Rick Scott Wants to Kill Citizens Property Insurance
The bill creating Citizens was signed into law in 2002 by Republican Gov. Jeb Bush and was written by lobbyists for the private insurance industry. The public corporation was meant to be a last-option insurer for homeowners who couldn't obtain insurance any other way, and with 1.3 million customers, it has become the state's largest home insurer.
Republican Gov. Charlie Crist passed several reforms during his term that expanded Citizens' reach. It should be noted that Bush was critical of many of those reforms and since leaving office has talked numerous times about trimming back the corporation. However, in 2006 Bush confirmed that his condo in Coral Gables was indeed covered by Citizens.
The Herald-Tribune reports that in meetings held this past February with top insurance industry lobbyists, Scott's aides made it clear the governor wants to kill the corporation before his first term in office ends.
Even the lobbyists were caught off guard.
The industry lobbyists protested that Florida carriers could not absorb all of Citizens' business, records show."He's clueless. The governor is clueless as to what is happening throughout the state, and the burden on homeowners and condominium owners and business owners," Republican Sen. Mike Fasano, one of Scott's toughest critics in the GOP, told the paper.
The gap would force many Florida property owners to turn to the unregulated surplus lines market, where rates are unchecked and policies are not backed by a state guarantee fund.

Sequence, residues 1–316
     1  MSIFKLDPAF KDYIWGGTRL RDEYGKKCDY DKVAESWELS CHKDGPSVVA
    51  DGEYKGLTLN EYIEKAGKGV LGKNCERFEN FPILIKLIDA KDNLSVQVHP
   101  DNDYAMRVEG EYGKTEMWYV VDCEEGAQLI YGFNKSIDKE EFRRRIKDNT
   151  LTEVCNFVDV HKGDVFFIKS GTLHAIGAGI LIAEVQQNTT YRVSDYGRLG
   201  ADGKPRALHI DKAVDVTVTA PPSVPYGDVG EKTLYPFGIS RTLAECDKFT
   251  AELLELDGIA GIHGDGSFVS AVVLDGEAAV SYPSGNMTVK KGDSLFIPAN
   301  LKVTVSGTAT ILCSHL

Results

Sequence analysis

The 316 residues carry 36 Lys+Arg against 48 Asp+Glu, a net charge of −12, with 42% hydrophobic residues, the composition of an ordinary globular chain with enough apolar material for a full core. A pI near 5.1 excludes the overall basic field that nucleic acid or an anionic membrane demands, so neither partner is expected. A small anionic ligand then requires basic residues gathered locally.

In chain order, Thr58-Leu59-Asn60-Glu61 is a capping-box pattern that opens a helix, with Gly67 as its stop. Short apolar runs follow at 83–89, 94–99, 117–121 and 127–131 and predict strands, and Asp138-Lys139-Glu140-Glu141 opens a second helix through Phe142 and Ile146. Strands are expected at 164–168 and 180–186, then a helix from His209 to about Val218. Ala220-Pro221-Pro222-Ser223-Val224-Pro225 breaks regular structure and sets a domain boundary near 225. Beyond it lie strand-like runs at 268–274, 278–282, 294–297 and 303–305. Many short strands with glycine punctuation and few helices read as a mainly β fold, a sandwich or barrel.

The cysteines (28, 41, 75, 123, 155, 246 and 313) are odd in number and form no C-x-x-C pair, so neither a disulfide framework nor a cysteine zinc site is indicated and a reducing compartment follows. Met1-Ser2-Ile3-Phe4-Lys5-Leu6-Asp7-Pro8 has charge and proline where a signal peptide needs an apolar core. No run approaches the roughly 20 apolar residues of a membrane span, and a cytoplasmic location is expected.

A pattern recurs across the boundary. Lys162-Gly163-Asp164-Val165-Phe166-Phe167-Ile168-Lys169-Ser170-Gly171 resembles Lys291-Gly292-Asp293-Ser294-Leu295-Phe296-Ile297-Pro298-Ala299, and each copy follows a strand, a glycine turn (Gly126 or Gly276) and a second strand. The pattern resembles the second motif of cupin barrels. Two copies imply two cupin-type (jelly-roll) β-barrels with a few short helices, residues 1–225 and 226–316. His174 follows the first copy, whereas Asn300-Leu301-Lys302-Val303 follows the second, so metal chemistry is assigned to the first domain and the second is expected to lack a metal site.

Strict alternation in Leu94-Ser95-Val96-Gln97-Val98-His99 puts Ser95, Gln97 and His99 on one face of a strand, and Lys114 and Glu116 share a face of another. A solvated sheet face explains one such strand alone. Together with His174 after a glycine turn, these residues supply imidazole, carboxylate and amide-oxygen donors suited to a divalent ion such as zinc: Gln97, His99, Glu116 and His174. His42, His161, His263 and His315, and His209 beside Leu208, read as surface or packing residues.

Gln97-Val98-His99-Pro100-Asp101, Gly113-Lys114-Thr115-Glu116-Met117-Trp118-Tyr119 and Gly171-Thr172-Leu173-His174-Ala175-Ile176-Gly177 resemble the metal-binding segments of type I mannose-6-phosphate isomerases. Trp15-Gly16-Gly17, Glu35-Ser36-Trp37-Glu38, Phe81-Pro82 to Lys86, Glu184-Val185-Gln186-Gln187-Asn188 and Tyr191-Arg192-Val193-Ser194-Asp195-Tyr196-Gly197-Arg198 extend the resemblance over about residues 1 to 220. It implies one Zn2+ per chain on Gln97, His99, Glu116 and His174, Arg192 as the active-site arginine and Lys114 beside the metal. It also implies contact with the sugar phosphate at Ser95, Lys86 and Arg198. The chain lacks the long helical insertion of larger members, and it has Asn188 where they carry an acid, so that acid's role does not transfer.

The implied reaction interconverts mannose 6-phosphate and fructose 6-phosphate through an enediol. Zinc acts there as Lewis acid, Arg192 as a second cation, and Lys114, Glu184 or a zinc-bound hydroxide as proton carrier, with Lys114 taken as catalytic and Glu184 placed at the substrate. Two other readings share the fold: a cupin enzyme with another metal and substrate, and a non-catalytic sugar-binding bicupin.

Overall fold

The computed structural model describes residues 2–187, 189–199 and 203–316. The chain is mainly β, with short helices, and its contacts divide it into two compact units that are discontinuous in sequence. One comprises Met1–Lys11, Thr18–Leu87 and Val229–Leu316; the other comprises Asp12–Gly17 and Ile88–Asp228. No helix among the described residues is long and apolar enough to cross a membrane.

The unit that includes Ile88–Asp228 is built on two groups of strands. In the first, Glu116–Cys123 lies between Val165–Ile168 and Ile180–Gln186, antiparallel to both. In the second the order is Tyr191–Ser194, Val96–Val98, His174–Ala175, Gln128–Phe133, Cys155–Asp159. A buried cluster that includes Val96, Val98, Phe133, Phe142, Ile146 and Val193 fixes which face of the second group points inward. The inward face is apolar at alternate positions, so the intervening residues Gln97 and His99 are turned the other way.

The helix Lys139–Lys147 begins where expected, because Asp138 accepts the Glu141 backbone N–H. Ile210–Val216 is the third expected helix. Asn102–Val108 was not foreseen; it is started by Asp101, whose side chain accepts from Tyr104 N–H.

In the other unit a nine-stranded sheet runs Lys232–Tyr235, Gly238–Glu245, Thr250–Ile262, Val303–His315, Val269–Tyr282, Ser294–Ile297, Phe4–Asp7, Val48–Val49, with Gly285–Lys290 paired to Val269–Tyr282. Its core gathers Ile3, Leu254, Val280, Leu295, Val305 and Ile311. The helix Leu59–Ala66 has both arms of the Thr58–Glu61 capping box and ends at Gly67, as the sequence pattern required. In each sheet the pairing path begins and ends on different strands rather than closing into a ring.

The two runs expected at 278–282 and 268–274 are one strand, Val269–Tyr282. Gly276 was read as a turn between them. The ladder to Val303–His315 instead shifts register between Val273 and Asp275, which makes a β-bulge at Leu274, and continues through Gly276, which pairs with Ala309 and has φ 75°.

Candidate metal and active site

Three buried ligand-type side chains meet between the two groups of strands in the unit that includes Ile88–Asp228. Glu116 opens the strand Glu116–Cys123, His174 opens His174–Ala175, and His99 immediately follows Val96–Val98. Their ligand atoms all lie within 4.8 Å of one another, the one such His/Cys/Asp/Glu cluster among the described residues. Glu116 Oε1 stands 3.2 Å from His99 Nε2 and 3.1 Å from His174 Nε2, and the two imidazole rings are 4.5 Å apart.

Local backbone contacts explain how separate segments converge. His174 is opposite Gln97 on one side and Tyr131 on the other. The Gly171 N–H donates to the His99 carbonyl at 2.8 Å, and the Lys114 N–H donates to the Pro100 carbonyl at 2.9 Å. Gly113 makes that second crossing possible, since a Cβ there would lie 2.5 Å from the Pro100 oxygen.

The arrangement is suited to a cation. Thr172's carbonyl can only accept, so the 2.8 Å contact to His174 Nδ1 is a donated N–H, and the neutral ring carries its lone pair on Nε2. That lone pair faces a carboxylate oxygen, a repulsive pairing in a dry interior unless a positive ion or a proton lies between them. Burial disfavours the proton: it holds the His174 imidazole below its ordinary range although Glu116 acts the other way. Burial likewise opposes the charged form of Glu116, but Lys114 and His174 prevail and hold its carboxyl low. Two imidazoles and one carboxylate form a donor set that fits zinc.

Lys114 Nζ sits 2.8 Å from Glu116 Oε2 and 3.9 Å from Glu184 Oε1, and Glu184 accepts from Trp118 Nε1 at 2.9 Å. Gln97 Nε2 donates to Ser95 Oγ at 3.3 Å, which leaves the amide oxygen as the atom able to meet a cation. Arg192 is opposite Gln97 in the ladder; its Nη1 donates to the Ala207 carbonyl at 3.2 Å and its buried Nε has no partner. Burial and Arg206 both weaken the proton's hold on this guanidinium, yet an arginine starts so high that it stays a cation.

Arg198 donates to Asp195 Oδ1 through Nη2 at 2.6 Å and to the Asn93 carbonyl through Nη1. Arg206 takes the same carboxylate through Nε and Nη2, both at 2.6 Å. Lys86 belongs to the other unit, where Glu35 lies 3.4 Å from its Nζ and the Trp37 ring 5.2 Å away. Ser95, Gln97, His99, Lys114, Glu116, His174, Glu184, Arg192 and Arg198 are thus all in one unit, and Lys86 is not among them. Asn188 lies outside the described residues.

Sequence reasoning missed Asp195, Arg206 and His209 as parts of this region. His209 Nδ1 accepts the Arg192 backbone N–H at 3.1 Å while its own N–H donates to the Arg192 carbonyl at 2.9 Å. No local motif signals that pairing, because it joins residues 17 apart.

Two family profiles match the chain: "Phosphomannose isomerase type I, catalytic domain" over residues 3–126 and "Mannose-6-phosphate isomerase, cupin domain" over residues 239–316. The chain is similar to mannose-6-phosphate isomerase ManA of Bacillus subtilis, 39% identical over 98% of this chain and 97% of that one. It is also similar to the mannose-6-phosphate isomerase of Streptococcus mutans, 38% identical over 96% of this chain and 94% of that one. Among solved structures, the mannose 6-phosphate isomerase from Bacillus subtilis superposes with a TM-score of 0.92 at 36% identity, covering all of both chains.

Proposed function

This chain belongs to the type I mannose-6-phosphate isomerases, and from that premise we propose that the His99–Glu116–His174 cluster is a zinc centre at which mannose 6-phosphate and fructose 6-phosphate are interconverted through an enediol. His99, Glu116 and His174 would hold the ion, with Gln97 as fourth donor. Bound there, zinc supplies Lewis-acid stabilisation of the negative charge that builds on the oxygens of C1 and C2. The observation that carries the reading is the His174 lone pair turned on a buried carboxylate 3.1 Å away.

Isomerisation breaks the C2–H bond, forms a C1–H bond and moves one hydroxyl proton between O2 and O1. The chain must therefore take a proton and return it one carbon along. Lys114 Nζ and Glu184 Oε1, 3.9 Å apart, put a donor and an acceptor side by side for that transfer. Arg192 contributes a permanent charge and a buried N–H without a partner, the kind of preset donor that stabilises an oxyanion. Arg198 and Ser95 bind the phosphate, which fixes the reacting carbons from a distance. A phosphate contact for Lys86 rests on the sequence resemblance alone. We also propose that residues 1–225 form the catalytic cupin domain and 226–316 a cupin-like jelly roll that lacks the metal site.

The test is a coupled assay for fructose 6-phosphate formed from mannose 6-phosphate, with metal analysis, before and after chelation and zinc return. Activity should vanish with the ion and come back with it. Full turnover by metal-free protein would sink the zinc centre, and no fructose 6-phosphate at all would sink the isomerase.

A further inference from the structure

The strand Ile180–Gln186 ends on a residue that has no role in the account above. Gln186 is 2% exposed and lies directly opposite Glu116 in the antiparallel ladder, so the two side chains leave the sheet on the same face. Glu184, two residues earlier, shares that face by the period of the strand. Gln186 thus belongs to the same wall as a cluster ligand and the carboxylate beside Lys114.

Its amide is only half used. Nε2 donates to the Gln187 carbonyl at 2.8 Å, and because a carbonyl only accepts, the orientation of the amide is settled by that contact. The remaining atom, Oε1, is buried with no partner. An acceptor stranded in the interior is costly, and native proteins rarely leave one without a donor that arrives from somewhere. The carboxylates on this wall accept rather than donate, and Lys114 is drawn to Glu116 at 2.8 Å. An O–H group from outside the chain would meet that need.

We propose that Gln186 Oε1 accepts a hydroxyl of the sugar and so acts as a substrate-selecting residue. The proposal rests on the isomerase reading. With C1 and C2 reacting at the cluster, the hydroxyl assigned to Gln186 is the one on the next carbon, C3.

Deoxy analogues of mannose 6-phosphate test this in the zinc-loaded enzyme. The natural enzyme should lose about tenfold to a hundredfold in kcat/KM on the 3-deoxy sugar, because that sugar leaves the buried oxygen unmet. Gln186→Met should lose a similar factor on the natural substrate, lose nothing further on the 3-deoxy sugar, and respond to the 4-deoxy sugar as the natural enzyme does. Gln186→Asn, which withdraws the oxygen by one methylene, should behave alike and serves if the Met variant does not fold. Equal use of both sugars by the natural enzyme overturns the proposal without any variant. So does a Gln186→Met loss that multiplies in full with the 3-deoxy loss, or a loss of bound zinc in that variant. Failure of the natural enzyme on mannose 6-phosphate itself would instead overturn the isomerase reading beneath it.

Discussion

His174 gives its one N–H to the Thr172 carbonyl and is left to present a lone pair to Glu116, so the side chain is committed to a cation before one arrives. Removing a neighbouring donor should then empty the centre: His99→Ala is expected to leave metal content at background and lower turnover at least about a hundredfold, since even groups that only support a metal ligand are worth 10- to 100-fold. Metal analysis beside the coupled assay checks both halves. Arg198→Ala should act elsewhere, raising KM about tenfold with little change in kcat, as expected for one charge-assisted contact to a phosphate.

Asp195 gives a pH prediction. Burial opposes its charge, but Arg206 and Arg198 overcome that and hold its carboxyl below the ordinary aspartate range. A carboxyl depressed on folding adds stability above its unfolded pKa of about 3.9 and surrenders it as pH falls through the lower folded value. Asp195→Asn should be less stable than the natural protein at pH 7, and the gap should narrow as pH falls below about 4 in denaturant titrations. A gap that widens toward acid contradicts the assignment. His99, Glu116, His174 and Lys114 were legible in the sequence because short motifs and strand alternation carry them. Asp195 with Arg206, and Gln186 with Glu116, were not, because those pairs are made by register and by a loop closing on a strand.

A lobbyist who attended the meeting advised others by email that Scott knew about the gap, but was not bothered.
"He doesn't seem to care whether they are insured in the voluntary market or surplus lines," the lobbyist wrote.
Scott himself has never publicly spoken of killing the company. Many rank-and-file Republicans simply want to trim Citizens' fat, reduce its market share, and return it to its original purpose of being the insurance carrier of last resort.
The insurance industry also wants to reduce Citizens' coverage to a bare-bones level that wouldn't compete with companies' policies. But few in the industry want to see Citizens eliminated. Private insurers often seek insurance for coastal homes against hurricane damage through Citizens while they cover the same homes for other types of damage.
[Herald-Tribune: Documents show a Scott push to shutter Citizens]
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